First time in a mosque

When a West European girl visits a mosque for the first time …


Visit the Hagia Sophia in Istanbul

Most immigrants in my home country Germany are from Turkey. Nonetheless, I never knew much about Islam. A really good friend told me once something about the five pillars of religion. His mother is from Turkey, so he knows a lot more about Islam than I. Actually, I really had the wish to visit a mosque a long time ago. I got this chance when my university in Berlin had an exchange with Istanbul. This should be the first time I would see a mosque from inside. It was really exciting for me.

Actually, my first “connection” with the mosque was already three days before the beginning of the exchange. When we went to the city a Muezzin started to call and pray from the minaret. For me, it felt really strange at first. We started to scream a little bit against the calls from the Muezzin to continue our small talk. But maybe you can compare it with the bells from Christian churches, they also “call” the believers into the church.

Washing rules and blue scarves

DSCN6727I really like the architecture of the big mosques in Istanbul. We visited the Hagia Sophia. First of all, you have to wash before you are allowed to enter the mosque. There are different water taps outside, one side for men, the other for women. They have kind of a fixed process of how to wash and when. One of the five pillars is praying, so Muslims should pray five times a day. But the most important prayer is Fridays.

After washing face, head, and feet (actually, most of our group just watched like the others did), we enter a line of people. In front of the mosque, they distribute blue scarves for women. Because when a woman wants to enter the mosque she has to cover her legs, arms, and hair. So we all tried to hide our hair with the blue scarves and wear long blue skirts (actually, I don’t know why we had to wear these skirts because all of us had long pants, but the men at the entry said to us our legs are too skinny). The last stop before entering the mosque is a floor where you have to take off your shoes. Everyone gets a plastic bag for his shoes.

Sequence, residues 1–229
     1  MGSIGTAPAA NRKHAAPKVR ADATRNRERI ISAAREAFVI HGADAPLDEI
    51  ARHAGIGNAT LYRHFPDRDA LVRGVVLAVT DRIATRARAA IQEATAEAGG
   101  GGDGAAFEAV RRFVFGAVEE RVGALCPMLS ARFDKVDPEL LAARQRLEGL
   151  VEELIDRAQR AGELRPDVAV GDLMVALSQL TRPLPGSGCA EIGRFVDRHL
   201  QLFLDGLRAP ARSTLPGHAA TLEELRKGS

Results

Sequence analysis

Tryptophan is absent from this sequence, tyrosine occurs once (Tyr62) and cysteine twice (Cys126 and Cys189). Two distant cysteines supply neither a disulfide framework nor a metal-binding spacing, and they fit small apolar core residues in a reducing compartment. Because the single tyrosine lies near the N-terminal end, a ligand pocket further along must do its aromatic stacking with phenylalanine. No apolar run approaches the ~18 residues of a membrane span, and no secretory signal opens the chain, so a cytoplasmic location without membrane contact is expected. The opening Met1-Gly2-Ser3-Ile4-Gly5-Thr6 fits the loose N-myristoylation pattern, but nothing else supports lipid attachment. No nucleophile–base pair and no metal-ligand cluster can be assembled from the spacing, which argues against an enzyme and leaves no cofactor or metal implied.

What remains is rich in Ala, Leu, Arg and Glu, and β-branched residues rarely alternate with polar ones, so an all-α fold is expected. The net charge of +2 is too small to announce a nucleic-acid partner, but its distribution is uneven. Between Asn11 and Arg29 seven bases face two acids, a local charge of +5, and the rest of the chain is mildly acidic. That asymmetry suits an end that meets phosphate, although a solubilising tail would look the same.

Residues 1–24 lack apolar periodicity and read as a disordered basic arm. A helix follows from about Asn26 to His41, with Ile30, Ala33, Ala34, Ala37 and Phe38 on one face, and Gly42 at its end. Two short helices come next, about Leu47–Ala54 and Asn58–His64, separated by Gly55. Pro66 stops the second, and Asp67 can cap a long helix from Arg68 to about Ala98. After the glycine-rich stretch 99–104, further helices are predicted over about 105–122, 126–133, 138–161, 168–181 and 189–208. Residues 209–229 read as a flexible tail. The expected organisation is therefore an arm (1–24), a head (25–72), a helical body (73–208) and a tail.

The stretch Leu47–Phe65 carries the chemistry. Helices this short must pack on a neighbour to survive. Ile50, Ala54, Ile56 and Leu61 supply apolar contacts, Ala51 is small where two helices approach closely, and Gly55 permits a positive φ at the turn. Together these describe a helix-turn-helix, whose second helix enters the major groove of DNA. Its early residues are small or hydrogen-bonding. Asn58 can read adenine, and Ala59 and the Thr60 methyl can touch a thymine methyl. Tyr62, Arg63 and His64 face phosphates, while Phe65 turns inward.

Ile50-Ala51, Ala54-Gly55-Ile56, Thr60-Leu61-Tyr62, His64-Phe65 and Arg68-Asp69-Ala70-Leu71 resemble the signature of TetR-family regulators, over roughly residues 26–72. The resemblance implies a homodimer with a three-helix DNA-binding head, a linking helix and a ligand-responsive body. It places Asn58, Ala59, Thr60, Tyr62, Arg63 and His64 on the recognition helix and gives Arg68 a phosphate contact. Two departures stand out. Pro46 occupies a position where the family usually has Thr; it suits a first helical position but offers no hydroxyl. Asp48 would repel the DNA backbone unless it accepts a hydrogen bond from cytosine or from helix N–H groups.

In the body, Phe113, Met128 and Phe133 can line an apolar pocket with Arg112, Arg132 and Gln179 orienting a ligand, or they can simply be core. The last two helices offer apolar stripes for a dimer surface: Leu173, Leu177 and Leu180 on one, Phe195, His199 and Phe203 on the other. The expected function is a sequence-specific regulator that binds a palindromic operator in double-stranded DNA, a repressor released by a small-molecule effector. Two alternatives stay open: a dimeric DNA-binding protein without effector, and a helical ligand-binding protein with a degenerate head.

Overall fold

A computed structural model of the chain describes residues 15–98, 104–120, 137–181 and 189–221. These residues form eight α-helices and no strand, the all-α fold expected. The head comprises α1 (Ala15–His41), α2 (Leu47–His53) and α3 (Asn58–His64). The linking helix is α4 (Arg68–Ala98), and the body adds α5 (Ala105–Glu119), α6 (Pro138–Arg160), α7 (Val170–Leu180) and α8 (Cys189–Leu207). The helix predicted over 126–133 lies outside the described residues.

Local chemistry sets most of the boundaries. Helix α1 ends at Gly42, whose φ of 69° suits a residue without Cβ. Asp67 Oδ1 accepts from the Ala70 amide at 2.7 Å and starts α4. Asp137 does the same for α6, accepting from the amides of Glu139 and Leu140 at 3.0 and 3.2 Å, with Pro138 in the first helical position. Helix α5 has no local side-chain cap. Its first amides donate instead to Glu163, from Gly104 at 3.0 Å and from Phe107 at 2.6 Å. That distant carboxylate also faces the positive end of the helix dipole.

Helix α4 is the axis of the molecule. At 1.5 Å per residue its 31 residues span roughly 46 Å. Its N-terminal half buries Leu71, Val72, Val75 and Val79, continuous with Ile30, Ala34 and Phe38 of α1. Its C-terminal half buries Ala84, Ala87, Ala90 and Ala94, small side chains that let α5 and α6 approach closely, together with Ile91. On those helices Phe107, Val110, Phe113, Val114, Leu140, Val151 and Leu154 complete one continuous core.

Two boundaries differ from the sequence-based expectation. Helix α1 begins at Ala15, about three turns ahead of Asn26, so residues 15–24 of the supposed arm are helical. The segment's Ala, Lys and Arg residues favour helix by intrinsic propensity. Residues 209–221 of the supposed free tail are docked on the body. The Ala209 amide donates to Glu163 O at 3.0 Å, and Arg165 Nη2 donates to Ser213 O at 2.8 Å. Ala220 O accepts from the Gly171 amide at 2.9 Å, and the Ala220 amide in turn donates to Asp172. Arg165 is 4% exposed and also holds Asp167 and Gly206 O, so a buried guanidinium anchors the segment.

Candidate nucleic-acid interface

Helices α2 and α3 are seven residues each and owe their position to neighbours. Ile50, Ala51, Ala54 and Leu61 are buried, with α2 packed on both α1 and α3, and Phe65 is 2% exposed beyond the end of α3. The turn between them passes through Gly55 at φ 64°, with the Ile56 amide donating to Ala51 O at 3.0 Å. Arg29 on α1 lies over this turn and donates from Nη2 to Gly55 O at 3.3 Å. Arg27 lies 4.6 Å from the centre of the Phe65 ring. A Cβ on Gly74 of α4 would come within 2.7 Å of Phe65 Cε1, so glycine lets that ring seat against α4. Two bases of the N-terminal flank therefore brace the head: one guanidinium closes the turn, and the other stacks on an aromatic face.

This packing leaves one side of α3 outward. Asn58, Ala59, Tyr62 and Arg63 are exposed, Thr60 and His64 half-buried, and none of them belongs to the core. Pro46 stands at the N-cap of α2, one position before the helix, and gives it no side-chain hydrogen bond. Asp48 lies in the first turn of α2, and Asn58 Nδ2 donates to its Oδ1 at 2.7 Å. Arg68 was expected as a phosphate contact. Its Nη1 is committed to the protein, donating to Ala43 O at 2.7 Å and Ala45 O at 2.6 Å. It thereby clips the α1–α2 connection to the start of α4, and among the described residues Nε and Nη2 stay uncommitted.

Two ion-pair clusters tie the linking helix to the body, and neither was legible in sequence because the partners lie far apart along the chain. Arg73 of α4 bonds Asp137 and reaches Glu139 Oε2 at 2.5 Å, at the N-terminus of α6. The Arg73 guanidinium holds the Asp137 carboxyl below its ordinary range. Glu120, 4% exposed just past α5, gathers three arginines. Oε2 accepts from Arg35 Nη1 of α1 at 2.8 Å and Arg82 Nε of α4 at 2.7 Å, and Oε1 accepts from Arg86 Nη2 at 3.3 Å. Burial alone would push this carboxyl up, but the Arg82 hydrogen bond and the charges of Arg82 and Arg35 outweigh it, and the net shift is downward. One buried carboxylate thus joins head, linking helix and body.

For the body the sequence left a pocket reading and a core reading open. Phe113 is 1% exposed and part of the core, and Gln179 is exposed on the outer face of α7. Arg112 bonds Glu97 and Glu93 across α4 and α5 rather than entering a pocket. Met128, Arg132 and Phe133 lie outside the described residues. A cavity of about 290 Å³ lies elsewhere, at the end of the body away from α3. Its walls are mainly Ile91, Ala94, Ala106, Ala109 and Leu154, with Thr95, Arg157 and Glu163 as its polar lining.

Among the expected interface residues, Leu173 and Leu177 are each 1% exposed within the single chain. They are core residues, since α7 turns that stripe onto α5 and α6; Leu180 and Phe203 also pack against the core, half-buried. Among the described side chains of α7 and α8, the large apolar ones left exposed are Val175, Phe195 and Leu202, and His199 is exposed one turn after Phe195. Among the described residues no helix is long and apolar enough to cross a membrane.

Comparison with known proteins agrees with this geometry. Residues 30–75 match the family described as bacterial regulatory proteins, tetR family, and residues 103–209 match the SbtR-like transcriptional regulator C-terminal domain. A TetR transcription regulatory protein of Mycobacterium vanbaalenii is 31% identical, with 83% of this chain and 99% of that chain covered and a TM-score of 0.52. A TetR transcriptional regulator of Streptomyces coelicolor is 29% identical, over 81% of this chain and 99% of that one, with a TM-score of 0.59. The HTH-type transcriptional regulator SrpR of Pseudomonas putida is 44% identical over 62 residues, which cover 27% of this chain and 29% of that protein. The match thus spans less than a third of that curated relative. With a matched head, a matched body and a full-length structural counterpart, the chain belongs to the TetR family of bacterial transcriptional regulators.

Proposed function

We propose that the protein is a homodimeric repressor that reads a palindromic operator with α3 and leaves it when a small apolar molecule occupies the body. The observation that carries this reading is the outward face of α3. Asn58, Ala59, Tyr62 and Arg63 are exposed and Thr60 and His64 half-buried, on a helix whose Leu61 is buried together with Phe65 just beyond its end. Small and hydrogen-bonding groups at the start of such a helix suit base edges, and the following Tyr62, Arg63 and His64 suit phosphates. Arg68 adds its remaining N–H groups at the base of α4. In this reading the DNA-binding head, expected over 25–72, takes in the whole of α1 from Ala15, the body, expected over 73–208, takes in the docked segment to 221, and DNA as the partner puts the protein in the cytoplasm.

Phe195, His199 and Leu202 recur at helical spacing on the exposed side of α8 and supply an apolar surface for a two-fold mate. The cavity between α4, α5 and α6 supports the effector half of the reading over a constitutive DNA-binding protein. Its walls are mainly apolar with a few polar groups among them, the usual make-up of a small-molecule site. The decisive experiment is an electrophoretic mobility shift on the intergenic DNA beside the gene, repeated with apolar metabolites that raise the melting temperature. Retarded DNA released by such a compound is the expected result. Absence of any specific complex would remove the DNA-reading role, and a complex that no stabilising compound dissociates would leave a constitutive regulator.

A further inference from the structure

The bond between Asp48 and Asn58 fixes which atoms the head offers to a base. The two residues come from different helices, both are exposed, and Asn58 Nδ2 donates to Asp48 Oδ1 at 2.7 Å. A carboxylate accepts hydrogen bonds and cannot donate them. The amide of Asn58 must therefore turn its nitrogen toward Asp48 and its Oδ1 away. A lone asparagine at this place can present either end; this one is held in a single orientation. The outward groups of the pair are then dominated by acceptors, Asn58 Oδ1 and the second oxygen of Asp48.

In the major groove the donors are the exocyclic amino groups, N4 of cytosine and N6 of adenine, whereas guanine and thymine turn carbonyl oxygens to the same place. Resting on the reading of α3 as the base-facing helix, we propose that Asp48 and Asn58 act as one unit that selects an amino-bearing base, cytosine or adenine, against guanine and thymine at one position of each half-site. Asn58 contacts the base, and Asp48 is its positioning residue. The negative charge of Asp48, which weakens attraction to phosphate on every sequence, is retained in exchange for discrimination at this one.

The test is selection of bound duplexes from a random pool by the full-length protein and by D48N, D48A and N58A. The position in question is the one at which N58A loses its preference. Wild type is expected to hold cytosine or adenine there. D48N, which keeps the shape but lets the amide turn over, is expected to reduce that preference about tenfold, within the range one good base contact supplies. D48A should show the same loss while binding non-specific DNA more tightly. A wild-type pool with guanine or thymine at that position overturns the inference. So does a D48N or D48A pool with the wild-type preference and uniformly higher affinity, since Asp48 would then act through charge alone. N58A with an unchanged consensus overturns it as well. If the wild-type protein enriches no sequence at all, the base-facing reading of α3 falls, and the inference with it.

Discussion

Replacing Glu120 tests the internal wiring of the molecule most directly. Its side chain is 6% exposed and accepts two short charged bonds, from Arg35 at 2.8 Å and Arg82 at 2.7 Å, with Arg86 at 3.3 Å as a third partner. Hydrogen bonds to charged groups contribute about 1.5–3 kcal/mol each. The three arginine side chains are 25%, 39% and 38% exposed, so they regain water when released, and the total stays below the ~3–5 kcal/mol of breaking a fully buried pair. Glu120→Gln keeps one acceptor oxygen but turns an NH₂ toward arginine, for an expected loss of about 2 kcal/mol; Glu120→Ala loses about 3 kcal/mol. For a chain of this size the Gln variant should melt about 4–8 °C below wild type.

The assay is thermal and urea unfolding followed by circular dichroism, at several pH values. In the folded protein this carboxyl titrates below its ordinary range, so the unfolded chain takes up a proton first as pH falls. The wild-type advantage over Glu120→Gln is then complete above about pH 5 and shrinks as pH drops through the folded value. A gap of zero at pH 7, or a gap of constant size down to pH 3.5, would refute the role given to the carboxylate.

With selfie sticks in the mosque

Finally, we were allowed to went into the mosque. The Hagia Sophia is really big, beautiful and has – I believe as every mosque- many domes. The whole mosque has carpet. One of our German exchange students meant walking without shoes on this carpet feels a little bit more home. We should perhaps do the same in our churches. 

The mosque seemed very bright and colourful with its beautiful windows, painted domes and pillars. The lamps hung really deep, this was special for me. In the Hagiga Sophia are many tourists. It looks a little bit strange, the women with their scarves on their heads, posing for a photo with their selfie sticks. 

It was really interesting to be in a mosque for the first time and hear something about the second biggest religion in the world.